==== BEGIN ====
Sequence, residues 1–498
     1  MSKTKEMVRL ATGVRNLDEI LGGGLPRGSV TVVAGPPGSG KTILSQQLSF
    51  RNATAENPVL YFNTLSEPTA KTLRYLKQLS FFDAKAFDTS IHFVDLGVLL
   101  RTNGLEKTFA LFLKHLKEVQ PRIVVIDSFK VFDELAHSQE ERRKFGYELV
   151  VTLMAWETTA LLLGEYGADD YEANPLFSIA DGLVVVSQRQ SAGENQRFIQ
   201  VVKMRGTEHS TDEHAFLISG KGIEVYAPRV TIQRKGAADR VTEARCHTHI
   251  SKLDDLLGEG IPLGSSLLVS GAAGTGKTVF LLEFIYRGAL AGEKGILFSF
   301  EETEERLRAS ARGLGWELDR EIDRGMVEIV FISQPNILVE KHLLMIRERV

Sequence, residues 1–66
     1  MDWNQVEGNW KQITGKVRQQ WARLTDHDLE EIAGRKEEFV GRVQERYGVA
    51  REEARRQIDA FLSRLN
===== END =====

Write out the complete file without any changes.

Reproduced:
Sequence, residues 1–498
     1  MSKTKEMVRL ATGVRNLDEI LGGGLPRGSV TVVAGPPGSG KTILSQQLSF
    51  RNATAENPVL YFNTLSEPTA KTLRYLKQLS FFDAKAFDTS IHFVDLGVLL
   101  RTNGLEKTFA LFLKHLKEVQ PRIVVIDSFK VFDELAHSQE ERRKFGYELV
   151  VTLMAWETTA LLLGEYGADD YEANPLFSIA DGLVVVSQRQ SAGENQRFIQ
   201  VVKMRGTEHS TDEHAFLISG KGIEVYAPRV TIQRKGAADR VTEARCHTHI
   251  SKLDDLLGEG IPLGSSLLVS GAAGTGKTVF LLEFIYRGAL AGEKGILFSF
   301  EETEERLRAS ARGLGWELDR EIDRGMVEIV FISQPNILVE KHLLMIRERV

Sequence, residues 1–66
     1  MDWNQVEGNW KQITGKVRQQ WARLTDHDLE EIAGRKEEFV GRVQERYGVA
    51  REEARRQIDA FLSRLN